Morwenna Orton reflects:
On Friday, the fourth day of our Pilgrimage, we had hoped to visit Bethlehem, but sadly this wasn’t possible. Part of the visit for some of us would have been to visit L’Arche Bethlehem, a project for people with severe learning disabilities which Bishop Christopher has asked people in the Anglican Diocese of Southwark to support this Lent, through his Lent Call. Robin, my husband, and I were particularly looking forward to going there because one of our daughters is a core member in the L’Arche London community in Lambeth and two of her cousins live in L’Arche houses in Kent.
L’Arche is a wonderful community. It was started in France by a young man in 1964 who, with a friend, invited to men from the local long stay ‘mental handicap hospital’ to live with them and share their lives. Its core principal was to recognise that not only is every single person created by God and loved by God, but that everyone, however disabled, can make a contribution spiritually or otherwise to the common life. Every single person, even if they seem strong and capable, has weaknesses too and needs to learn and receive from others. There is enormous respect for each individual. Certainly our daughter is treated more respectfully by the L’Arche assistants who share her life more than we have managed to do consistently. From that one shared house in France has grown an international movement which has communities in many different countries, of which L’Arche, Bethlehem is one.
The man who started the movement, Jean Vanier, influenced many, many people through his writings and was widely revered as a spiritual giant. People thought that after his death he would quickly be made a saint.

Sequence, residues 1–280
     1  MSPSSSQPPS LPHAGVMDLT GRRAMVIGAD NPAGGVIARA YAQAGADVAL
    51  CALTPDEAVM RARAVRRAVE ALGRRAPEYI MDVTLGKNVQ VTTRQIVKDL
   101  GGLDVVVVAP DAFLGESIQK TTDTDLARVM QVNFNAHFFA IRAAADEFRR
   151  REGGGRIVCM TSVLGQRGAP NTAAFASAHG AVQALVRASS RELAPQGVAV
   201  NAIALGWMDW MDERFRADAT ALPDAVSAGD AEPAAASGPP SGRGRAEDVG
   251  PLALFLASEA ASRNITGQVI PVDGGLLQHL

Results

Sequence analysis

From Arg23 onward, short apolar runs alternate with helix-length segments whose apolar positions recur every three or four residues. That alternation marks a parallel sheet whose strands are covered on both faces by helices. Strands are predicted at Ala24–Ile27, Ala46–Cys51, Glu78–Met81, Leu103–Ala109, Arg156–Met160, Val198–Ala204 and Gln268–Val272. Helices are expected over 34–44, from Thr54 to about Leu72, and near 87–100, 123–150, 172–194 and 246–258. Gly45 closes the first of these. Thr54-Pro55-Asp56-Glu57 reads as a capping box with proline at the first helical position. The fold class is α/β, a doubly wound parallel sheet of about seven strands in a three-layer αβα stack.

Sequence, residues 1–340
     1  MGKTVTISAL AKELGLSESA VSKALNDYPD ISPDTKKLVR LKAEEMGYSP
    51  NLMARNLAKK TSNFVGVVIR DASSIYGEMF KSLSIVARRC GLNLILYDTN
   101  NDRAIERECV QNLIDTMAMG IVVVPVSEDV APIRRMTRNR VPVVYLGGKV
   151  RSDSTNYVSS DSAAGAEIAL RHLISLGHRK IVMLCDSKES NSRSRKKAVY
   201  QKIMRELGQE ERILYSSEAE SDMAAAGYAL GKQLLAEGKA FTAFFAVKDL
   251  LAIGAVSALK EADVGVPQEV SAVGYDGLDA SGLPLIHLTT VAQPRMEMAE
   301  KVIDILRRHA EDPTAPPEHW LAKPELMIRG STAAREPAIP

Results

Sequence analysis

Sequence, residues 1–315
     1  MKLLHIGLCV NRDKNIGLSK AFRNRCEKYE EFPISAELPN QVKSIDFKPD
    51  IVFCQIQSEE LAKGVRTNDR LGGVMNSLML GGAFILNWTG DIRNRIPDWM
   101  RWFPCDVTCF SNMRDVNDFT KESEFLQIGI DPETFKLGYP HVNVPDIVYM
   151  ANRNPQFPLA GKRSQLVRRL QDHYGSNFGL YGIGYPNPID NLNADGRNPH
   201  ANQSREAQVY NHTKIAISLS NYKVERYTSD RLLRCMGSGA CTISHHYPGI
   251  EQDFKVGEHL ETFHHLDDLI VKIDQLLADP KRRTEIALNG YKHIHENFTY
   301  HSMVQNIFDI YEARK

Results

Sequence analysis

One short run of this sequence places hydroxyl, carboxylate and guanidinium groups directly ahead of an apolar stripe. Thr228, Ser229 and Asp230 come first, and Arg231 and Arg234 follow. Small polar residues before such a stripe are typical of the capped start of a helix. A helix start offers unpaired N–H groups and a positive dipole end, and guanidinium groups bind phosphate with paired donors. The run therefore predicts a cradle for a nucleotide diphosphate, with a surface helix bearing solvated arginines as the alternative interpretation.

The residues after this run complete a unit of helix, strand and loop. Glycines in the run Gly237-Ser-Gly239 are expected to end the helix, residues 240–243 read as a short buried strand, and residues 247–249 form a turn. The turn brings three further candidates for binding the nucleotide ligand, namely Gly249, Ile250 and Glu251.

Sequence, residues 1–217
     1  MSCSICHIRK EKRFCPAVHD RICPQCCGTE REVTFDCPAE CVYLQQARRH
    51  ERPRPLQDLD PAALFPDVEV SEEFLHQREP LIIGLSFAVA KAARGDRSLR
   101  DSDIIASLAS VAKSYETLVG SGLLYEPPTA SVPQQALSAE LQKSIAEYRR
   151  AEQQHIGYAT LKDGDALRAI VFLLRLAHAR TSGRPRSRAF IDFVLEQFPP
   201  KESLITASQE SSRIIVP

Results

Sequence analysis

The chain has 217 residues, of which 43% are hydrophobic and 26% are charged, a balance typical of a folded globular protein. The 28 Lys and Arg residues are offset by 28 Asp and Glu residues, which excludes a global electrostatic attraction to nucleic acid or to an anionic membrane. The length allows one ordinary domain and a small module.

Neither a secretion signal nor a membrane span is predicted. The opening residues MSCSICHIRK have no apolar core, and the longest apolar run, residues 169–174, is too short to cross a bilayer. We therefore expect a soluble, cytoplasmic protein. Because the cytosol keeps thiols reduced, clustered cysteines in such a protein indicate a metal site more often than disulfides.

Two weeks ago news was published that Jean Vanier had spiritually and sexually abused six women in France, whom he had given spiritual direction. As far as we can tell he did not abuse anyone with a learning disability.
The news of this abuse has been devastating for L’Arche and especially for anyone who knew Jean Vanier personally or admired his writings. L’Arche’s founding story has been besmirched. There are three things which are outstanding about the way L’Arche has responded to this crisis. The first is that when allegations were first made L’Arche International immediately commissioned an independent report and published its findings. The second is that our daughter’s community decided that all its members, people with intellectual disabilities, assistants and managers, should meet together to share this news and their reactions of grief, anger and betrayal, not just once but several times, to begin together to assimilate the news and to comfort one another. The third is that they have received many, many messages of support and condolence.
Jean Vanier is condemned for his despicable abuse but the good work of L’Arche goes on.